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It is super easy to find matrices $X_0$, $F$ and $H$ such that $H F^n X_0$ is equal to $n$-nth element of the sequence $0,1,0,1,0,1,0,1,0,1,0,1,...$

$$X_0 = \left(\begin{array}{c}1\\1\\\end{array}\right)$$ $$F = \left(\begin{array}{c}-1 & 1\\0 & 1\\\end{array}\right)$$ $$H = \left(\begin{array}{c}1 & 0\end{array}\right)$$

Maybe it is a slightly harder challenge to find matrices $X_0$, $F$ and $H$ such that $H F^n X_0$ is equal to the $n$-nth element of the Fibonacci sequence $1,1,2,3,5,8,13,21,34,...$

$$X_0 = \left(\begin{array}{c}0\\1\\\end{array}\right)$$ $$F = \left(\begin{array}{c}0 & 1\\1 & 1\\\end{array}\right)$$ $$H = \left(\begin{array}{c}1 & 0\end{array}\right)$$

No big deal, isn't it?

Then try to find matrices $X_0$, $F$ and $H$ such that $H F^n X_0$ is equal to the $n$-nth element of the sequence $\left(\begin{array}{c}0\\0\\0\\\end{array}\right), \left(\begin{array}{c}0\\0\\1\\\end{array}\right), \left(\begin{array}{c}0\\1\\0\\\end{array}\right), \left(\begin{array}{c}0\\1\\1\\\end{array}\right), \left(\begin{array}{c}1\\0\\0\\\end{array}\right), \left(\begin{array}{c}1\\0\\1\\\end{array}\right), \left(\begin{array}{c}1\\1\\0\\\end{array}\right), \left(\begin{array}{c}1\\1\\1\\\end{array}\right), ...$

This is the sequence of all 3-digit binary numbers; please assume that this series repeats itself forever.

And what if I want to express this way the sequence of all $k$-digit binary numbers? How big does the matrix $F$ need to be? There is a very straightforward solution where F has dimensions $2^k \times 2^k$. Is there a better solution?

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    $\begingroup$ Is this a puzzle question, or one to which you don't know the answer? $\endgroup$ – Federico Poloni Sep 19 '17 at 7:21
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    $\begingroup$ How is it related to golf? $\endgroup$ – Ilya Bogdanov Sep 19 '17 at 13:39
  • $\begingroup$ @IlyaBogdanov It is similar in spirit to code golf. $\endgroup$ – Federico Poloni Sep 19 '17 at 14:36
  • $\begingroup$ It is very easy to determine the space of all solutions and find its dimension. $\endgroup$ – მამუკა ჯიბლაძე Sep 25 '17 at 3:48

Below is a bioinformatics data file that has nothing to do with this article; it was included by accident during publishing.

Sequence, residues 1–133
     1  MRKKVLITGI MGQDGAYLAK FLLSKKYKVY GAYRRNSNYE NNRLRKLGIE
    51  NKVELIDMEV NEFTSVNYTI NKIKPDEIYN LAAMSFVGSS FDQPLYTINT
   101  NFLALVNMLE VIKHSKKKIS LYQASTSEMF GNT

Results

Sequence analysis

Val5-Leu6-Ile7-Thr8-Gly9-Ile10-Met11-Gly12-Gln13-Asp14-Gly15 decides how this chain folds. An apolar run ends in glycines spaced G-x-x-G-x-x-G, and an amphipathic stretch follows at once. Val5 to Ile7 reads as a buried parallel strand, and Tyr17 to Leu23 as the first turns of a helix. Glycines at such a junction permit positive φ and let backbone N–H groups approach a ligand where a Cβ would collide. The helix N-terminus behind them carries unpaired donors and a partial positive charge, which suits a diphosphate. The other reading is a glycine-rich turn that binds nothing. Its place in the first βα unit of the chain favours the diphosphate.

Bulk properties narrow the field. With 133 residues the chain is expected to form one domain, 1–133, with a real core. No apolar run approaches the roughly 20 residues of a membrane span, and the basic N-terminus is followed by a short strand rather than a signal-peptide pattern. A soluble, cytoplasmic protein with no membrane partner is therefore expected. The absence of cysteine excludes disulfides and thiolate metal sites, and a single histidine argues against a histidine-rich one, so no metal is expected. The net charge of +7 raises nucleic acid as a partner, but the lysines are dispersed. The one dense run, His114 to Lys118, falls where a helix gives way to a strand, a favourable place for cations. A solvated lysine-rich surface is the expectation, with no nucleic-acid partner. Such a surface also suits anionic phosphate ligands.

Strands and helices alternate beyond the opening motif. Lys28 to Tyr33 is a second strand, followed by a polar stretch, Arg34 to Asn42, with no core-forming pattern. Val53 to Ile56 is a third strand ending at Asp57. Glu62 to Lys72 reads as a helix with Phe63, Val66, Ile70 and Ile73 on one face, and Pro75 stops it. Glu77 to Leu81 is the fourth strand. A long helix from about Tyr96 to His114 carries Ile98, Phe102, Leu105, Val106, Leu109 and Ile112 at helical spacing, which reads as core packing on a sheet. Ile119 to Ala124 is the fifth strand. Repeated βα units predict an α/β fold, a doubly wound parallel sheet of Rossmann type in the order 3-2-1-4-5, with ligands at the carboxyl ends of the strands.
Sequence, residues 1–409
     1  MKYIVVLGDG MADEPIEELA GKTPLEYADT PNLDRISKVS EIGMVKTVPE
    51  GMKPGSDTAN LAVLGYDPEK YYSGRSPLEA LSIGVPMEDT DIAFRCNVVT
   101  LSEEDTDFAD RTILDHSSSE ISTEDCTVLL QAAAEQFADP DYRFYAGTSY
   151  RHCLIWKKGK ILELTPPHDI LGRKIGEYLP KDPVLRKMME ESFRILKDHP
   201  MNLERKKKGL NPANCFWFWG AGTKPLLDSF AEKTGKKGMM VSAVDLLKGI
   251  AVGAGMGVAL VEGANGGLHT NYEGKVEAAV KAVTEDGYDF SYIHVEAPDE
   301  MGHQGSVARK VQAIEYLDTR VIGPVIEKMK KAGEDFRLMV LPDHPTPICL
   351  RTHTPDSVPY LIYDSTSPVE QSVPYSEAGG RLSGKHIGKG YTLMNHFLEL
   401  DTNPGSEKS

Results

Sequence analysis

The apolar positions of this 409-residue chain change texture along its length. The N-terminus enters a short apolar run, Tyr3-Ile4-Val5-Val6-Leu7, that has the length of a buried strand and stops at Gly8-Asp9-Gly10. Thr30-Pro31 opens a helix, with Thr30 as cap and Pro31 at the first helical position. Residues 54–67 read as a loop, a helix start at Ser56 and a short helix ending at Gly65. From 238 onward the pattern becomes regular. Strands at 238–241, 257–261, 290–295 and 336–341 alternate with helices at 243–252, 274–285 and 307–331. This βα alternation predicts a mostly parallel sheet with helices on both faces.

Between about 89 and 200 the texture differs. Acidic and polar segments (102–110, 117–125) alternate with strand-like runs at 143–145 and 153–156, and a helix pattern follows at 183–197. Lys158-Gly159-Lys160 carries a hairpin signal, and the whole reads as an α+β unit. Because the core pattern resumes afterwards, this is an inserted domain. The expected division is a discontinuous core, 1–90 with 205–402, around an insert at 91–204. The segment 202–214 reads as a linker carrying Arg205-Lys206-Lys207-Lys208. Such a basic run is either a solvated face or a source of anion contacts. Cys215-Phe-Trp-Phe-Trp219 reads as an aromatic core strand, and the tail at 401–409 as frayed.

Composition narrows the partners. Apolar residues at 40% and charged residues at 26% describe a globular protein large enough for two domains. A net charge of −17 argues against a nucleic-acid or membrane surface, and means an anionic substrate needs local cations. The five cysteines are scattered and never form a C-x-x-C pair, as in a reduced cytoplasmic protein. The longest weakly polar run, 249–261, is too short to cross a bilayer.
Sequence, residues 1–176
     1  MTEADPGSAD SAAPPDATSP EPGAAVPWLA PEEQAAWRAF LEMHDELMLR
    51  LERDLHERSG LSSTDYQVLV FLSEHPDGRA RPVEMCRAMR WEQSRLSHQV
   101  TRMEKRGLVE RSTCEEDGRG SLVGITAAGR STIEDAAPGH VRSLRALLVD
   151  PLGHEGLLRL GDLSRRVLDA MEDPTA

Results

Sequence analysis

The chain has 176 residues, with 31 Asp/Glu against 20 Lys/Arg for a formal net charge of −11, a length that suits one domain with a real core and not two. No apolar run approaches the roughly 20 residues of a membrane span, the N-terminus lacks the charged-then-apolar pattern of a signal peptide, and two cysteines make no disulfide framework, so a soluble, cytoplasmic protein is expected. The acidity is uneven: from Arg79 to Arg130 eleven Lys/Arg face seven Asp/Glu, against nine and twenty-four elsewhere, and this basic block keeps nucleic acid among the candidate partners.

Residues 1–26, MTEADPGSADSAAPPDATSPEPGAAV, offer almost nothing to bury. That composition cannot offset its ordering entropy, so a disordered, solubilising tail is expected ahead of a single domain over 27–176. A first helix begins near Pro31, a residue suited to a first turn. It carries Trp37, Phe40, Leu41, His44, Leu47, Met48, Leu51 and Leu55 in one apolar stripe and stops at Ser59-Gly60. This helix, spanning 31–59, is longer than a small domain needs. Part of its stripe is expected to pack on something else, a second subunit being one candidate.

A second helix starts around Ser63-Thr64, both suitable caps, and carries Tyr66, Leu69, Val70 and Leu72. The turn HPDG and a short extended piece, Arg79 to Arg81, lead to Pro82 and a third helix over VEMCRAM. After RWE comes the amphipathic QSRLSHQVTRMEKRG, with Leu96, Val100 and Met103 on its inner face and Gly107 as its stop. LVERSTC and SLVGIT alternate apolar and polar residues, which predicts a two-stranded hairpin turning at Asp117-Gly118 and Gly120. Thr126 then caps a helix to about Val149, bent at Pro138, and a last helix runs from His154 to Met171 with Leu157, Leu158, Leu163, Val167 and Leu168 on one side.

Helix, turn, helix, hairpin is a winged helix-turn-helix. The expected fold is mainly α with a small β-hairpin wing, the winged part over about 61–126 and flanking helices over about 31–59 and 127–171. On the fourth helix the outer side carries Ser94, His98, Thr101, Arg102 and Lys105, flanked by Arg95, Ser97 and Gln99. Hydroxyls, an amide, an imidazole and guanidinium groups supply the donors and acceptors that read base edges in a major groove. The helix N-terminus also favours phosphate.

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For any row $R$, column $C$, and matrix $F$ (of compatible sizes), the numbers $a_n=RF^nC$ satisfy a recurrence relation with characteristic polynomial coinciding with the characteristic polynomial of $F$ (due to the Cayley--Hamilton theorem). So, to minimize the size of your $F$, we need to find the minimal order of (homogeneous linear) recurrence relation which all components of the sequence of vectors satisfy.

It is easy to make this for each component separately. The sequence $$ \underbrace{0,0,\dots,0}_{2^t},\underbrace{1,1,\dots,1}_{2^t},\underbrace{0,0,\dots,0}_{2^t},\dots $$ cannot satisfy a relation of order $2^t$, because $2^t$ zeroes are followed by a non-zero. On the other hand, it satisfies the relation $a_{2^t+n+1}+a_{n+1}=a_{2^t+n}+a_n$, so the minimal characteristic polynomial for it is $P_t(\lambda)=\lambda^{2^t+1}-\lambda^{2^t}+\lambda-1=(\lambda-1)(\lambda^{2^t}+1)$.

Since we need a recurrence relation working for all $k$ coordinates simultaneously, we need to take the l.c.m. of all minimal polynomials which is $$ (\lambda-1)\prod_{t=0}^{k-1}(\lambda^{2^t}+1)=\lambda^{2^k}-1. $$ Thus $2^k$ is indeed the minimal size of a required matrix $F$.

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  • $\begingroup$ @FedericoPoloni: Thanks! Corrected. $\endgroup$ – Ilya Bogdanov Sep 20 '17 at 9:42

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